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Civil-Comp Proceedings
ISSN 1759-3433
CCP: 100
PROCEEDINGS OF THE EIGHTH INTERNATIONAL CONFERENCE ON ENGINEERING COMPUTATIONAL TECHNOLOGY
Edited by: B.H.V. Topping
Paper 68

The Application of Neural Networks to Predict Wind Waves

C.P. Tsai1, C.C. Teng2 and C.H. Tsai1

1Department of Civil Engineering, National Chung Hsing University, Taichung, Taiwan
2Engineering Division, NOAA Center for Operational Oceanographic Products and Services, Silver Spring, MD, United States of America

Full Bibliographic Reference for this paper
C.P. Tsai, C.C. Teng, C.H. Tsai, "The Application of Neural Networks to Predict Wind Waves", in B.H.V. Topping, (Editor), "Proceedings of the Eighth International Conference on Engineering Computational Technology", Civil-Comp Press, Stirlingshire, UK, Paper 68, 2012. doi:10.4203/ccp.100.68
Keywords: back-propagation neural network, wind wave, significant wave height.

Summary
The prediction of significant wave height is of great importance for the construction of ocean and coastal structures, the operation of ships, as well as the human activities in maritime area. Many forecasting methods for ocean waves have been presented in the literature, such as the traditional SMB and PNJ manual methods [1], the numerical model based on differential equations [2] and the SWAN model [3] etc. These methods for wave forecasting were based on the wind and wave relationships. As a result of the complexity and randomness of the wind waves, the prediction of waves based on the simplified relationship may contain substantial error. For wind-wave prediction, Deo et al. [4] employed an artificial neural network (ANN) to predict wave height with real-time wind speed data. The correlation coefficients of their results, however, between the observed and the predicted data were not very satisfactory, possibly as a result of the uncertainties of the wind-wave relationship.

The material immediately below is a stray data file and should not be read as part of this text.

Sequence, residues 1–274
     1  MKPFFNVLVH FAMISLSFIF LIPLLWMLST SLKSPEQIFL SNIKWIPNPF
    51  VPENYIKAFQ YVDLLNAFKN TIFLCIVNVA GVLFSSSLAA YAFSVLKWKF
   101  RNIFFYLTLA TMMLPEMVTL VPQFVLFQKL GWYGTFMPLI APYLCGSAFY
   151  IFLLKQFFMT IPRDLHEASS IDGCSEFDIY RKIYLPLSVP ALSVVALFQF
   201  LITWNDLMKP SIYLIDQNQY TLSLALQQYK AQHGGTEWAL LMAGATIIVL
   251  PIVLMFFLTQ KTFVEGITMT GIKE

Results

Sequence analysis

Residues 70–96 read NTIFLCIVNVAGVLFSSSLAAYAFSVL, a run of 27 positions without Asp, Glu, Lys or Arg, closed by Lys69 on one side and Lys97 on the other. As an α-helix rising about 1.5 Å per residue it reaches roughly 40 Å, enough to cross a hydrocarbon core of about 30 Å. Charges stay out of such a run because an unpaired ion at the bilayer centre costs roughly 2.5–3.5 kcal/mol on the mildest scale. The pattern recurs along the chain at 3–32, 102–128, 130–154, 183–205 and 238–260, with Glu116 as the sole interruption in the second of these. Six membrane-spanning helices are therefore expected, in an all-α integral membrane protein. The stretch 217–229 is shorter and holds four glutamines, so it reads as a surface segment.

By applying the technique of ANNs in this paper, the lag effect of energy transfer between wind and wave is considered on the basis of the wind wave theory. That is, the significant height of the wave further relates to the wind speeds involving some previous hours. As the standard process of the ANN, the present model first evaluated the interconnection weights between the waves and the corresponding wind speeds by training the past records. The selection of the neurons of input, outputs and the hidden layers is discussed in detail in the study. Using long-term wind and wave data from one of the National Data Buoy Center (NDBC) stations in the Pacific Ocean, this study examined the validity and accuracy of the ANN model. It is found that the three-hourly average significant wave height can be predicted from training the wind speed data for the previous nine hours. The results show that the neural network model can provide a short term good prediction (five days to fifteen days) of the waves using the records of the previous twenty previous days.

References
1
A.T. Ippen, "Estuary and Coastline Hydrodynamics", McGraw-Hill, New York, 1966.
2
WMO, "Guide to wave analysis and forecasting", Secretariat of the World Meteorological Organization, Geneva, 702, 1988.
3
N. Booij, R.C. Ris, L.H. Holthuijsen, "A third-generation wave model for coastal regions. 1. Model description and validation", Journal of Geophysical Research, 104, 7649-7666, 1999. doi:10.1029/98JC02622
4
M.C. Deo, A. Jha, A.S. Chaphekar, K. Ravikant, "Neural networks for wave forecasting", Ocean Engineering, 28, 889-898, 2001. doi:10.1016/S0029-8018(00)00027-5

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